China calls on Myanmar's junta to hold talks with opponents
China's Foreign Minister Wang Yi has called on Myanmar's junta leaders to talk to their opponents amid concerns over escalating violence and deteriorating human rights in the Southeast Asian country.
Wang is in Myanmar for his first visit since the junta overthrew the democratically elected government of Aung San Su Kyi in February 2021. His trip is the most high profile by a Chinese representative since leader Xi Jinping met junta chief Min Aung Hlaing in 2020 to discuss China-backed projects including a controversial dam and an economic corridor.
"We encourage all parties in Myanmar to engage in political dialogue within the constitutional and legal framework and restart the process of democratic transformation," Wang said in remarks published by his ministry. He also pledged support and reiterated hopes for Myanmar's "political and social stability."
"China pays close attention to the situation in Myanmar and stands ready to continue to play a constructive role in its own way," he said. "We will jointly support Myanmar's efforts to restore its economy, improve people's livelihood and ensure the rights and interests of people at the grass-roots level."
Myanmar's Foreign Minister Wunna Maung Lwin thanked China for its "selfless assistance to Myanmar's national development," according to a statement by the Chinese Foreign Ministry.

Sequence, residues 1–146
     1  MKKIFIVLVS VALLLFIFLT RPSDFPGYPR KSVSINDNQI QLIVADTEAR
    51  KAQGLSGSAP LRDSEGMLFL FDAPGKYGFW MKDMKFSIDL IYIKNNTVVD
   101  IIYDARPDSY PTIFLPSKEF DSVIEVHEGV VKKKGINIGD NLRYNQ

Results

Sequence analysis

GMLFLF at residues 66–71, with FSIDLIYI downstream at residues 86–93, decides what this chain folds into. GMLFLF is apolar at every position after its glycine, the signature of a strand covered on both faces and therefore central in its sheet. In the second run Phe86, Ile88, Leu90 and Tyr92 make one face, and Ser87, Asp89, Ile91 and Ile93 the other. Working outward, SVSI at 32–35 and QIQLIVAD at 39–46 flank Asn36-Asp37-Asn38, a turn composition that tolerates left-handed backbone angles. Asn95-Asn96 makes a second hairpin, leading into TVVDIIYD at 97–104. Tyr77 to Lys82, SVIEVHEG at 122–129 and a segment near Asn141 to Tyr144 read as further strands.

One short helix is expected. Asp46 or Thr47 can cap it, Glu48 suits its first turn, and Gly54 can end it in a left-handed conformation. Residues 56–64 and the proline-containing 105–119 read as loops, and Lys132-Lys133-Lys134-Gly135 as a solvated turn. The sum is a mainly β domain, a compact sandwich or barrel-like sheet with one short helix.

Wang arrived at the Nyaung Oo Airport in Bagan city on Sunday and was welcomed by senior military leaders and other state officials.
He will lead a Chinese delegation to attend a top foreign ministers' meeting with his counterparts from around the region including Cambodia, Vietnam, Thailand and Laos, though it is not yet clear if he will meet Min Aung Hlaing.
China remains one of Myanmar's few international allies. It has refused to condemn the 2021 coup in which the junta ousted Suu Kyi, who is now being kept in solitary confinement in prison -- raising concerns among global watchdogs and rights groups.
Earlier in April, Beijing pledged its backing for junta leaders, saying its support would remain "no matter how the situation changes."
China is also one of Myanmar's biggest trading partners, investing billions of dollars in mining, oil and natural gas developments in the resource-rich country, and together with Moscow, Beijing supplies weapons to the junta military, according to the United Nations.
Wang's visit comes as the country plunges into further turmoil. Not only is deposed leader Suu Kyi in prison, but the planned state executions of two men, veteran democracy activist Ko Jimmy and former National League of Democracy lawmaker Phyo Zayar Thaw, have prompted an outcry from the United Nations, who called it a "blatant violation to the right to life, liberty and security."
Ian Chong, a political science professor and regional security expert from the National University of Singapore, said it is in Beijing's interests for Myanmar to be politically stable.
"It looks like to me that Beijing is trying to broker some sort of settlement in Myanmar, or at least look like it is doing so, and its approach seems to be to provide the junta with some of the legitimacy it craves," Chong said.
"Whether this will change the junta's behavior in relation to the civil war their coup started is doubtful, but it could provide Beijing with more leverage over the military."